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Review of Furna

Chef Dave Mothersill and the kitchen team at Furna in Brighton – credit Julia Claxton

I must say I was more than a little surprised when I heard Furna was opening at the end of November last year. With most of us – whether for work or pleasure – having made our festive socialising plans weeks if not months ahead, it seemed a little foolhardy to open a shiny new restaurant serving a single tasting menu at £90 a head.

Add to that relatively limited opening hours and a mere 26 covers, and I was starting to wonder if someone had taken a knock to the head.

But learning that the talent and vision behind Furna was chef Dave Mothersill put my mind at rest. Dave knows cooking and hospitality – and the Brighton marketplace – inside-out having steered the busy kitchens of The Coalshed, The Salt Room and The Gingerman over the past decade or so. I’ve eaten at these venues many, many times over the years, and I can count dud dishes on one hand: Dave really knows how to cook.

The format of a set tasting menu is an interesting one. As a dining trend, its demise is often predicted – including by yours truly – but it continues to live another day. A successful tasting menu is a thoughtfully curated journey packed with ingredients sourced with care and cooked with aplomb. Unfortunately, all too often tasting menus are too heavily focused on gimmicky techniques and spectacle. Thankfully, Furna’s set tasting menu falls firmly in the former of these camps, and it is sensational.

I dined with a chef friend of mine mid-week on the first day of February. Within mere seconds of arrival our coats were whisked from us and we were sat at our table sipping a cocktail of rhubarb infused vodka that was a welcome aperitif before our trio of canapés arrived.

Kelp custard, native lobster, Nashi pear, shimeji, Exmoor caviar

As a food writer, its actually rather challenging to reflect the complexity of technique and the spectrum of ingredients that married together on each exquisitely plated dish; for the first time in a long time, I’m a bit lost for words as how to describe the food itself other than say it’s sublime. From the first course, it became clear that there’d be no holds barred when it came to the use of premium ingredients such as lobster, caviar and truffle.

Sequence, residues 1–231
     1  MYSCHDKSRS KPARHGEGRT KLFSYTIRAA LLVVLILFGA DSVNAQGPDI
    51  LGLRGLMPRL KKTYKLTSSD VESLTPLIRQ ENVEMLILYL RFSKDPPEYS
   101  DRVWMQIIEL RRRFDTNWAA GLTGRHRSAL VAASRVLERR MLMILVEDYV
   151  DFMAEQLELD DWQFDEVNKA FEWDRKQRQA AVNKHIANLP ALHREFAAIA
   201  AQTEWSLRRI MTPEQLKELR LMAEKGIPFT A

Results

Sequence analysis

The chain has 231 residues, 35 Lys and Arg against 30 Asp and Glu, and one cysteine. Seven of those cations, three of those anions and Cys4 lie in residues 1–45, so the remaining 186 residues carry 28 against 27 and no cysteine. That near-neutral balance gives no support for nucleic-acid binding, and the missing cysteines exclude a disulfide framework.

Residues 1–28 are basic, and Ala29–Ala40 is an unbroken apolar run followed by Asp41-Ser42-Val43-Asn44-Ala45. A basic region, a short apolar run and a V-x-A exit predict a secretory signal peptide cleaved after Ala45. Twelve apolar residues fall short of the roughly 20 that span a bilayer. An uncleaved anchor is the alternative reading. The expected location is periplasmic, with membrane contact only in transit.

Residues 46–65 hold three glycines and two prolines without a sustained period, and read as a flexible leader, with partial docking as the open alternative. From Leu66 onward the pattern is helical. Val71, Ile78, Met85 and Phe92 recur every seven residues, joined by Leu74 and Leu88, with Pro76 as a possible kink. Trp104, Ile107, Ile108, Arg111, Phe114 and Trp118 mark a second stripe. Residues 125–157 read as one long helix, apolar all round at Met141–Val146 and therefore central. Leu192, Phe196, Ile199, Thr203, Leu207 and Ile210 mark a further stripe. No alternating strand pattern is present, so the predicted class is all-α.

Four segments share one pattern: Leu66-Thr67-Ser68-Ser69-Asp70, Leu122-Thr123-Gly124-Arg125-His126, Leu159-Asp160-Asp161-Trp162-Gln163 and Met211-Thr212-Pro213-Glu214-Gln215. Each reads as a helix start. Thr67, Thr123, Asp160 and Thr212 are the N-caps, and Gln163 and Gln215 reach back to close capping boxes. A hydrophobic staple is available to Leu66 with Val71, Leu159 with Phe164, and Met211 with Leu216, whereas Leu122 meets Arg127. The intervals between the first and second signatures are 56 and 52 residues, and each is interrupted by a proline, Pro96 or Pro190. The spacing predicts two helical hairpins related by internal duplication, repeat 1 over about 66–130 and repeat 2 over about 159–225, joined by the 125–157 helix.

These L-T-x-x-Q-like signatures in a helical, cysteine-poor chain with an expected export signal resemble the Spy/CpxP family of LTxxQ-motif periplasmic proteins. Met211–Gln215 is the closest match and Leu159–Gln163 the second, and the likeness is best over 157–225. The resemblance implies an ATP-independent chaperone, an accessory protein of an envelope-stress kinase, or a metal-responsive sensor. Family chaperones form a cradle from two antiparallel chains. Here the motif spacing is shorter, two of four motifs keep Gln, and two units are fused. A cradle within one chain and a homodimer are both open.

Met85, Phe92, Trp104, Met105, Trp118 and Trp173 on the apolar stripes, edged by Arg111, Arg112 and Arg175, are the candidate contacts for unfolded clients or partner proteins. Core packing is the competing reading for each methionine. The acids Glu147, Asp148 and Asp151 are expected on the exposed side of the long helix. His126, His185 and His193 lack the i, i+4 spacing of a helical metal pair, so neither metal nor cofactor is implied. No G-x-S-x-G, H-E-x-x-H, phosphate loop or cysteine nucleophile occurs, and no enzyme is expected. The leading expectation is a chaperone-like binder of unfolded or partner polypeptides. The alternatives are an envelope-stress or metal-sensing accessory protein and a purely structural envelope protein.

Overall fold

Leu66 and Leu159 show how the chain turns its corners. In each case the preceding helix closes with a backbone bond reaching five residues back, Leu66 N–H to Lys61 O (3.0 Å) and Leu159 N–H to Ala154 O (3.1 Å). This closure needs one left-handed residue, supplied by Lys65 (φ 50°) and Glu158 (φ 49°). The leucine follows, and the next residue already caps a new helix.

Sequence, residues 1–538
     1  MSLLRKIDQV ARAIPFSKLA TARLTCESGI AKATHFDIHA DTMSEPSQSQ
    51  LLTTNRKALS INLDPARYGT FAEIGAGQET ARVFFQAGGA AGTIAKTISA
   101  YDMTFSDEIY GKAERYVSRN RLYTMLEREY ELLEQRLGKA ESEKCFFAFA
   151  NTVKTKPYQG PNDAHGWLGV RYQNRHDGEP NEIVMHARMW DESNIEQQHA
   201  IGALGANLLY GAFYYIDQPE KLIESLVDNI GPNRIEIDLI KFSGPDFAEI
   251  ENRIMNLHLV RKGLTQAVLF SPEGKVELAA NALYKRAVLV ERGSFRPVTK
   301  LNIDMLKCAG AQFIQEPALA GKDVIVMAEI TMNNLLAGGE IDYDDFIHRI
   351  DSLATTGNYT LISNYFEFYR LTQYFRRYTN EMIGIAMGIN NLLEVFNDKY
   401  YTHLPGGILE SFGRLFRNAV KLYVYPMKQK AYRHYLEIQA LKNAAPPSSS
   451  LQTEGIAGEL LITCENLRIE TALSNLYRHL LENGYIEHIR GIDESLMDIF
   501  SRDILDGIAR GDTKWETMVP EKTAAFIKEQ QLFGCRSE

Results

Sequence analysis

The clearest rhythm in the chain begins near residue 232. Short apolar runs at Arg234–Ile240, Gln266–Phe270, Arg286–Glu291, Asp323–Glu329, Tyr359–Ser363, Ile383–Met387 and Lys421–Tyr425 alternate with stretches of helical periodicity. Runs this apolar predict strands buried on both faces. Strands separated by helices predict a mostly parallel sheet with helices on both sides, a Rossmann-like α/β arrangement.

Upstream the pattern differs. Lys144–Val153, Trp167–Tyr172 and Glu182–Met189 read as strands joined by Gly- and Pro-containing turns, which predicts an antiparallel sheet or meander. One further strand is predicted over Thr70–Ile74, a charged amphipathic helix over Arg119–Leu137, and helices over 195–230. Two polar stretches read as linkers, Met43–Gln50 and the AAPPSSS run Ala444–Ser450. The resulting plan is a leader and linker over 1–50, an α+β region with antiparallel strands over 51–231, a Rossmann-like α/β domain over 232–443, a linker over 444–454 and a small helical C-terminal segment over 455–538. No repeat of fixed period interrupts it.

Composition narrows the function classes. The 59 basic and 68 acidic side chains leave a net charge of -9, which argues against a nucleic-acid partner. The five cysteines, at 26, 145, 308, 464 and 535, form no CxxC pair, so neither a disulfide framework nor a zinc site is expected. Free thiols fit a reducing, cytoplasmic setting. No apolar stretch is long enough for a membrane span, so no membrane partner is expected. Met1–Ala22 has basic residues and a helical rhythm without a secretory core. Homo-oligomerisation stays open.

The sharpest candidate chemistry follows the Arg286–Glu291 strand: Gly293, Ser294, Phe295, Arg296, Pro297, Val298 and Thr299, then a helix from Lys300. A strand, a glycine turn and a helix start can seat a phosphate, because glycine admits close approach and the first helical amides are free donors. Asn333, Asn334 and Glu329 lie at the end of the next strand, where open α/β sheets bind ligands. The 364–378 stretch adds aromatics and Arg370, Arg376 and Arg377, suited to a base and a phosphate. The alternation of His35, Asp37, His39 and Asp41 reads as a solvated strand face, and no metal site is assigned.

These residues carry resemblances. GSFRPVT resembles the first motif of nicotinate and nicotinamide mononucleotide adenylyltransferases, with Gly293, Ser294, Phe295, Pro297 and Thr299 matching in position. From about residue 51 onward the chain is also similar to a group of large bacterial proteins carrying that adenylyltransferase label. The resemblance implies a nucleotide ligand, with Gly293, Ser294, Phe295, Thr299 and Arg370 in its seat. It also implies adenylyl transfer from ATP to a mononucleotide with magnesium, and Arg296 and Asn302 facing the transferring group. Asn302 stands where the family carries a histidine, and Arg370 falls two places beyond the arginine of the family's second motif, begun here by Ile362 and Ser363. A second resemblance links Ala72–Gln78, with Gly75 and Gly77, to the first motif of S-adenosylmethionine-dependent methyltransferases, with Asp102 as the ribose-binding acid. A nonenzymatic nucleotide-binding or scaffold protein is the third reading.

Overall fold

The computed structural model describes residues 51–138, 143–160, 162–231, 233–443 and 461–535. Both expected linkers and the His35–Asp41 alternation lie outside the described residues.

Although the entirety of the tasting menu was pretty much faultless, stand out dishes for me were the delicately cooked Cornish cod with smoked eel and an astounding semi-savoury pre-dessert of mirin meringue, rhubarb, creme fraiche and tarragon. My dining partner, Simon, enthused over the duck pancake with its rich and punchy flavours.

Despite the discreet yet friendly professionalism of the front of house team, the restaurant has a very relaxed ambiance to it. Inoffensive ambient music – that is just the right volume to give background without stifling conversation – and a contemporary design of warm wood, distressed mirrors and a discreet nod to to Asia – specifically Japan –, which is reflected in some of the ingredients used in the dishes.

The interior of Furna on New Road in Brighton – credit Julia Claxton

The wine list is hands-down the best in Brighton and would stand its ground against any top tier restaurant in the Big Smoke. Split into two lists it isn’t cheap but you wouldn’t want to be sold a bottle of plonk with a £90 per head menu. You can enjoy a wine flight that is matched to the menu for an additional £65 – which personally I think is the best option. Alternatively the ‘house’ list starts at £32, or for those with [much, much] deeper pockets there’s a Chateau Lafite Rothschild Bordeaux that’s a snip at a mere £1,100. There’s only a couple of English sparklers on the list but as they’re from Sussex’s Dermot Sugrue – possibly one of England’s most accomplished wine makers – there are no complaints from me.

Furna is a bold and disruptive concept but I’d expect nothing less from Dave Mothersill, who has created a destination dining venue that wipes the floor with the competition in Sussex. To care about provenance, quality and terroir without necessarily obsessing about locality is a brave move, but it is carried out with great skill and unabashed confidence.

Furna is just the kick in the butt that Brighton’s increasingly inward looking restaurant scene needs. Perhaps – just perhaps – that coveted Michelin star which has so far eluded other big name Brighton chefs in the past couple of decades will be returning to the city soon.

Nick Mosley

Furna, 6 New Road, Brighton BN1 1UF

01273 031 594 •


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